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Driver Vetting and Induction Procedures Introduction - Employing a New Driver

What you should know


Aviva shares a common aim with its fleet customers to reduce risk and consequent claims spend. Research, including Aviva's own statistics, consistently confirms that the lowest accident rates are displayed by companies with clear driving standards and unambiguous driving rules, including effective driver vetting procedures.

Why Carry Out Driver Vetting?

  • On the UK's road network, 10 people are killed and around 1,000 others are injured every day
  • Nearly 33% of all fatalities involve the use of a company vehicle, whether it is a car, motor bike, van or commercial vehicle
  • 33% of all large motor vehicle insurance claims involve drivers who have been employed for less than 12 months, regardless of age or driving experience
  • Over 65% of all company vehicles will be involved in a road accident in the next 12 months

The above facts make for gruesome reading but sadly, are very true. Road accidents touch every level of society, every level of responsibility and virtually every fleet operator in the world.

There are both human and financial costs to road accidents for businesses. Medical treatment, compensation, business interruption and ‘bent metal' costs must all be paid for. If the root causes of accidents are left unchecked, the result will be higher operating costs for the business.

As employers you have a legal and moral obligation to ensure the safety of your employees and others, who may be affected by their driving at work activities. This is in addition to existing legal obligations under the Health & Safety at Work Act 1974.

Companies running commercial vehicles under the terms of an ‘Operators Licence' must also comply with any other specific requirements imposed by their individual ‘Operators Licence'.

Employers are also "vicariously liable" for harm caused through the negligence of employees / operatives in the course of their driving duties.

"If they are doing something for you and about their duties (including driving a company vehicle), you are responsible - even if they are behaving totally improperly and against your orders" (Greville Janner. Q.C.)

 Other legal frameworks which cover the provision and use of company vehicles include:

  • The Management of Health and Safety at Work (MHSW) Regulations 1992, regulation 11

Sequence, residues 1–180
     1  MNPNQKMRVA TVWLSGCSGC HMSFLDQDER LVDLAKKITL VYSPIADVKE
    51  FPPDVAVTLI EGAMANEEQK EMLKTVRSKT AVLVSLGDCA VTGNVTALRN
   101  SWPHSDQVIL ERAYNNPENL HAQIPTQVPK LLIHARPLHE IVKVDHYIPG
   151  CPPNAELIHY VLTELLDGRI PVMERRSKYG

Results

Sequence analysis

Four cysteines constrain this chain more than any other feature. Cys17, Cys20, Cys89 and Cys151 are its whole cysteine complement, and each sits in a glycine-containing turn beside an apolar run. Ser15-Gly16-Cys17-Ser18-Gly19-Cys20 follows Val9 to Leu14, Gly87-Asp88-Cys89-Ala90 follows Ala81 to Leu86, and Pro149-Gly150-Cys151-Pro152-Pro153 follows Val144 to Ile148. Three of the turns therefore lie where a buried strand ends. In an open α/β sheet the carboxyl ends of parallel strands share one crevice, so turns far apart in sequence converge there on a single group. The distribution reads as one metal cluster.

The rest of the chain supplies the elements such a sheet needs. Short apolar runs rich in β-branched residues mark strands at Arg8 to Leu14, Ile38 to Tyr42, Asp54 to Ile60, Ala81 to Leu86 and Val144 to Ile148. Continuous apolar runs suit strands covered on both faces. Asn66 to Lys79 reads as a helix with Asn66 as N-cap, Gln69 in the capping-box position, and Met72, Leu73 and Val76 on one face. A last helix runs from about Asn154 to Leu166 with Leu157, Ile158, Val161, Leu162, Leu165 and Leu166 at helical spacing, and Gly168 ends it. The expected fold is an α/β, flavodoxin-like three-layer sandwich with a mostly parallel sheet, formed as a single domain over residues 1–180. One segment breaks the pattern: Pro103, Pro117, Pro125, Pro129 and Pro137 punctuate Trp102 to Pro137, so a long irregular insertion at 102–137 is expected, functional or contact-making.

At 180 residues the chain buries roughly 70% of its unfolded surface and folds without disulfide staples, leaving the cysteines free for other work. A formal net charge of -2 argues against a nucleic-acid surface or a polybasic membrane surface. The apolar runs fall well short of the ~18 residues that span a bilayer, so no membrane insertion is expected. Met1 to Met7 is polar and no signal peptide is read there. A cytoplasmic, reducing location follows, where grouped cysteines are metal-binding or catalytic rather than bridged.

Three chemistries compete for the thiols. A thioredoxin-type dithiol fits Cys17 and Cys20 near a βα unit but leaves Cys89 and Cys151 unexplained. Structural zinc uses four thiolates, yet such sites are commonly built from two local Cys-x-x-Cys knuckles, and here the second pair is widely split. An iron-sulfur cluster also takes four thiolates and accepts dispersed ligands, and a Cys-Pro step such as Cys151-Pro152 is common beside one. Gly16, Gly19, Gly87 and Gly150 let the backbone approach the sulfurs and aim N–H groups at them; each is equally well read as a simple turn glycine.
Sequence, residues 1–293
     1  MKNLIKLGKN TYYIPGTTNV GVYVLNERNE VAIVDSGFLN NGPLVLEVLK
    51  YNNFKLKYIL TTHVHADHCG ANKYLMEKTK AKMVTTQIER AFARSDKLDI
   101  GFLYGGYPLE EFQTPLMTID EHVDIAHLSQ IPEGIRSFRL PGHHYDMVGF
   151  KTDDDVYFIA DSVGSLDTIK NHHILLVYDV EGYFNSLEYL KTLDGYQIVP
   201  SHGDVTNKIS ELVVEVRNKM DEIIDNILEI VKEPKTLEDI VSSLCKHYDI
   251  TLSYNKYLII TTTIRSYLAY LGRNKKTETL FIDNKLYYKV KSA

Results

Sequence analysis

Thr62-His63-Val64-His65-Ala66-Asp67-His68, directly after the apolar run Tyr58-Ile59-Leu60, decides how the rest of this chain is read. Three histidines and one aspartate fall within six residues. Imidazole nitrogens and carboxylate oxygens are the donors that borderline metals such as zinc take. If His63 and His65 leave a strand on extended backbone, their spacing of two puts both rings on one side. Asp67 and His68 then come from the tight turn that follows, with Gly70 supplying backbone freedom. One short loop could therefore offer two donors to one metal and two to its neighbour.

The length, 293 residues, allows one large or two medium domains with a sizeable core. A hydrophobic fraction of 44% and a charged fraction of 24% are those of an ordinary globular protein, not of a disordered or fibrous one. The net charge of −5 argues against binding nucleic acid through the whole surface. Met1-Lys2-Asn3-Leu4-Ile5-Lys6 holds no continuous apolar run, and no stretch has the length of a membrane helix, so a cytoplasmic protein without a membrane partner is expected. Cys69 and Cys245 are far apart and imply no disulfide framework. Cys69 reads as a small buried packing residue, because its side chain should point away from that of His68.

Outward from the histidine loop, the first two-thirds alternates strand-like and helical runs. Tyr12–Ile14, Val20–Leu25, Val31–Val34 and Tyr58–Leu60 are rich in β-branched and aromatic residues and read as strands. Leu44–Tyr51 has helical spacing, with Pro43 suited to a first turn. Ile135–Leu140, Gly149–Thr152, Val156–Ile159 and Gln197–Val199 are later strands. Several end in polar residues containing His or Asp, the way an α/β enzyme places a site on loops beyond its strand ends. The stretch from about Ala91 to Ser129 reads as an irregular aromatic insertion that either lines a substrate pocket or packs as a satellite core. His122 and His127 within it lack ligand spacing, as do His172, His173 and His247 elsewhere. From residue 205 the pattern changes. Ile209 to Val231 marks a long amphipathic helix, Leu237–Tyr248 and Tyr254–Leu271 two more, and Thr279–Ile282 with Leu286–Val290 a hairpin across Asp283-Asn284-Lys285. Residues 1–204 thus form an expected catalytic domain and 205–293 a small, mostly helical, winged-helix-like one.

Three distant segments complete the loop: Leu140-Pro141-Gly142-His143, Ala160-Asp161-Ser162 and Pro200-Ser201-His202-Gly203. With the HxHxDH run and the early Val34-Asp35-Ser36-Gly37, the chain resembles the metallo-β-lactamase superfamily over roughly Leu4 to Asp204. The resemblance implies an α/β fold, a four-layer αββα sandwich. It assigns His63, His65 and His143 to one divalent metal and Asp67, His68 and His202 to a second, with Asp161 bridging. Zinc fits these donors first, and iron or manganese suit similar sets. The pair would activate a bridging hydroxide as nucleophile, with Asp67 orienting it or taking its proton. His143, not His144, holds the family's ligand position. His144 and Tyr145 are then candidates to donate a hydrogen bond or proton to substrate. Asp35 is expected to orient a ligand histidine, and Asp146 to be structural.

• The Provision and Use of Work Equipment Regulations 1992 (SI 1992 No. 2932)
  • UK Road Traffic Act - 1998 (Section 41 and 42)

Employers, from the driver's supervisor right up to directors of the company, can be liable for charges of ‘Corporate Manslaughter' if an accident results in loss of life. In order for this charge to apply, it must be proved that the accident resulted from a lack of ‘duty of care' or a failure to comply with any of the legislation listed. Fines imposed on the guilty parties can be unlimited, with prison sentences of up to 10 years.

So what can you do?

As fleet operators you need to have a clear and concise policy on the vetting of drivers and control of your fleet. There are six main areas which should be adequately addressed to meet your obligations.

These have been consolidated into the following detailed sections which together culminate into one complete document headed ‘New Driver Vetting and Induction'.

Useful Motor Risk Templates are available for you to download free of charge - visit our  Tools and Templates  section.

For more information on useful products and services to help you manage your vehicles and drivers view our Specialist Partners

For more information on Aviva Risk Solutions, please call 0345 366 6666 or email us at

Please Note
This document contains general information and guidance and is not and should not be relied on as specific advice. The document may not cover every risk, exposure or hazard that may arise and Aviva recommend that you obtain specific advice relevant to the circumstances. AVIVA accepts no responsibility or liability towards any person who may rely upon this document.

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